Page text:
Full Spectrum’s “Inside the TCPA” offers a deeper focus on TCPA issues and petitions pending before the FCC. Each episode tackles a single TCPA topic or petition that is in the news or affecting cases around the country. In this episode, Partner Steve Augustino and Associate Chris Laughlin discuss the FCC’s efforts to reduce the
Full Spectrum’s “Inside the TCPA” podcast series offers a deeper focus on TCPA issues and petitions pending before the FCC. Each episode tackles a single TCPA topic or petition that is in the news or affecting cases around the country. In this episode, partner Steve Augustino discusses efforts by the FCC and private industry to…
At the November Open Meeting of the Federal Communications Commission (“Commission” or “FCC”), Commissioners approved a Report and Order (“Order”) and Further Notice of Proposed Rulemaking (“FNPRM”) that targets a high-priority issue for Chairman Pai – curbing illegal telemarketing and other calls. Acting with unusual speed (at least, by the standards of past Commissions), the Order implements a number of proposals made in March 2017 (for more see our earlier post). With the Order, the FCC adopts rules that enable voice service providers to block calls from invalid, unallocated, and unassigned numbers before they ever reach a consumer’s phone, while the FNPRM seeks input on ways to make sure that blocking does not impact lawful calling practices. FNPRM comments are due by January 23, 2018 and reply comments by February 22, 2018.
On Wednesday, May 17, 2017, the Federal Communications Commission (FCC or the Commission) published in the Federal Register a Notice of Proposed Rulemaking (NPRM) which aims to develop rules and solutions to reduce the number of illegal robocalls placed to consumers. The NPRM was adopted at the Commission’s March open meeting.
On September 30th, the Consumer and Governmental Affairs Bureau for the Federal Communications Commission (FCC or Commission) released a brief Public Notice in which it clarified that telephone service providers (including traditional, wireless and VoIP providers) are permitted to block calls from a particular phone number if the subscriber to that phone number…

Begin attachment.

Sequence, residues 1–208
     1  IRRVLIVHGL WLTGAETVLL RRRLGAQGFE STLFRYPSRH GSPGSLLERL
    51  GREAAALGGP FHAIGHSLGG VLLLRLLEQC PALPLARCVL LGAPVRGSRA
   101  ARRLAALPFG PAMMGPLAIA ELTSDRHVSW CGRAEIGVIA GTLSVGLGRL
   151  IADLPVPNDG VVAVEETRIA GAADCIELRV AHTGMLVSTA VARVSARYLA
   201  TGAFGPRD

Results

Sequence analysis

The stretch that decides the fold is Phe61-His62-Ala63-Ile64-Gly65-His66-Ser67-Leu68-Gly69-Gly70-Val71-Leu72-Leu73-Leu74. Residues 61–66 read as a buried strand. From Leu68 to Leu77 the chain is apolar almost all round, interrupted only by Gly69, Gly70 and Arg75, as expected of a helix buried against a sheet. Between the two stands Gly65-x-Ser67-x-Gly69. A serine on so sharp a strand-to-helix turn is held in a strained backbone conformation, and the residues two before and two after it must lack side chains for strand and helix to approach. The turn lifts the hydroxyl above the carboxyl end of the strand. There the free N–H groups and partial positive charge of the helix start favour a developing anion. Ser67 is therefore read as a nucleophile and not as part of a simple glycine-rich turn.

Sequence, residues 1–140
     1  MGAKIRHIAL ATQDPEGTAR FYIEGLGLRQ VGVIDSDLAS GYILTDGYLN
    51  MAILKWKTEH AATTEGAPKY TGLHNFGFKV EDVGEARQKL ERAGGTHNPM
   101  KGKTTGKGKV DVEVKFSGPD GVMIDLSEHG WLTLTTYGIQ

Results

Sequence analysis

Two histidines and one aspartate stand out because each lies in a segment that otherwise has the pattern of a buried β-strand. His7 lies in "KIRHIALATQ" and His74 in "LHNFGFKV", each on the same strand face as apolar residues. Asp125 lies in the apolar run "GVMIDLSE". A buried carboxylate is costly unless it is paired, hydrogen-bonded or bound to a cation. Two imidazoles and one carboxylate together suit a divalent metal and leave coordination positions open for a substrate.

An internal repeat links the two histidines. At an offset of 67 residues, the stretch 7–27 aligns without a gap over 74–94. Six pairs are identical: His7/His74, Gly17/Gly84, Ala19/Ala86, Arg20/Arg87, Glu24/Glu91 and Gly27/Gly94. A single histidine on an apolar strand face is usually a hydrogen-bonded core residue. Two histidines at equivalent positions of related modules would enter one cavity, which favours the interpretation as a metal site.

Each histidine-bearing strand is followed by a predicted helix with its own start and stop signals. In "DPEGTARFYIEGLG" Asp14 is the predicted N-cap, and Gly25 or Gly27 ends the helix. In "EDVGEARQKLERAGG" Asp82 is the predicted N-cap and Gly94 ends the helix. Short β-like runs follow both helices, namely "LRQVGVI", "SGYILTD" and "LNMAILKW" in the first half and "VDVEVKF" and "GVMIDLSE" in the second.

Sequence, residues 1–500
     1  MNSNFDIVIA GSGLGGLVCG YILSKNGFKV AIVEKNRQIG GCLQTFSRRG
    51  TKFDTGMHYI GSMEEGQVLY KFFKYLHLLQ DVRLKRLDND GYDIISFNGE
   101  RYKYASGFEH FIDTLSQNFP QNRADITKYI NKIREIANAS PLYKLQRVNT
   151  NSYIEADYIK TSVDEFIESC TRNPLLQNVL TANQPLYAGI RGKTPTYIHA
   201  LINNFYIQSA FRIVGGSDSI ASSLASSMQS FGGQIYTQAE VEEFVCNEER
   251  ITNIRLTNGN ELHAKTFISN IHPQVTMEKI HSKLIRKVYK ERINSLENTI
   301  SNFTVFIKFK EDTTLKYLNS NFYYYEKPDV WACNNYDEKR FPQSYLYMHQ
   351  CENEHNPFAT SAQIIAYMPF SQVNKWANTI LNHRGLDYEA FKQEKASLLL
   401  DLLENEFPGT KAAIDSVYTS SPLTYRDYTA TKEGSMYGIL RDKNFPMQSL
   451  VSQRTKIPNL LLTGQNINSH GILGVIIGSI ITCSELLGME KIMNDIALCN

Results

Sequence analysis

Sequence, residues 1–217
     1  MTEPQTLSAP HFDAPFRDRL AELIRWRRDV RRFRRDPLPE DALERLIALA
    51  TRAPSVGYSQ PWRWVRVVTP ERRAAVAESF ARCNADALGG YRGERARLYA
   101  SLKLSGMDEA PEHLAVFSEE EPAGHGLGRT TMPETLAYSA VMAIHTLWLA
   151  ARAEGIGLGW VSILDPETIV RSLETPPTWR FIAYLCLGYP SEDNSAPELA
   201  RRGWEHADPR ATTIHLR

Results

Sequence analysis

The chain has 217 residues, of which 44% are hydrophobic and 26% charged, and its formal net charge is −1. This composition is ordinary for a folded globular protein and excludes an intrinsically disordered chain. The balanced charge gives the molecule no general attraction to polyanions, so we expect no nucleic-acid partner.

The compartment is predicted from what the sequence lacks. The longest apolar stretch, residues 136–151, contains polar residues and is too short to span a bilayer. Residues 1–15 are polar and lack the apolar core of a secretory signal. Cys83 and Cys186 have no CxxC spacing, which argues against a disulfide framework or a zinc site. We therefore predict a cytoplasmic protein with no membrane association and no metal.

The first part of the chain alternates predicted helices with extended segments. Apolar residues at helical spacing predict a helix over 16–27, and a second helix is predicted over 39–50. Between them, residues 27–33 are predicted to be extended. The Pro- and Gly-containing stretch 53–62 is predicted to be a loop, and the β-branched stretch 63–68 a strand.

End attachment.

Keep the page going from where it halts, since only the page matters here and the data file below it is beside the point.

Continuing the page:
The FCC’s high-profile efforts with regard to the Telephone Consumer Protection Act (TCPA) continue. In addition to two controversial orders released in the last two weeks, the FCC is pushing the telecommunications industry to take action on blocking techniques. Now the FCC has announced that it will host a meeting for what is billed as an industry-led “Robocall Strike Force.” The Strike Force was created after Chairman Wheeler took to the FCC blog to prod the industry to action.
Responding to complaints by rural LECs that call blocking has increased, the FCC yesterday issued a clarification and a stern warning to carriers not to block, choke or restrict calls to other carriers’ customers. While call completion issues can occur for a variety of reasons, allegations of “blocking” have arisen in a number of access charge disputes and other forms of telecommunications litigation that we track.
The FCC’s declaratory ruling serves as a warning that carriers involved in such disputes should not intentionally block or restrict the ability of callers to reach their intended destinations. It also appears to create affirmative obligations to correct call completion problems that are occurring.
In response to yesterday’s announcement that BART, the San Francisco area transit authority, modified its cell phone blocking policy, FCC Chairman Julius Genachowski announced that the FCC would soon be taking action as well. Genachowski pledged an "open, public process" to provide guidance on lawful wireless service blocking.
If opened, this will be the first formal proceeding the FCC has undertaken to address lawful blocking of wireless signals. In the past, the FCC staunchly denied any requests to sanction wireless call blocking.
UPDATE: This SF Chronicle report states that the FCC commented on BART’s policy before it was adopted. According to the report, the FCC suggested language recognizing that an interruption poses risks to public safety and that the benefits of a shut down should outweigh the risks to public safety. While a BART official correctly notes that this is not an endorsement of the policy, it signals an openness (in limited circumstances) to a shut down that the FCC has not shown before.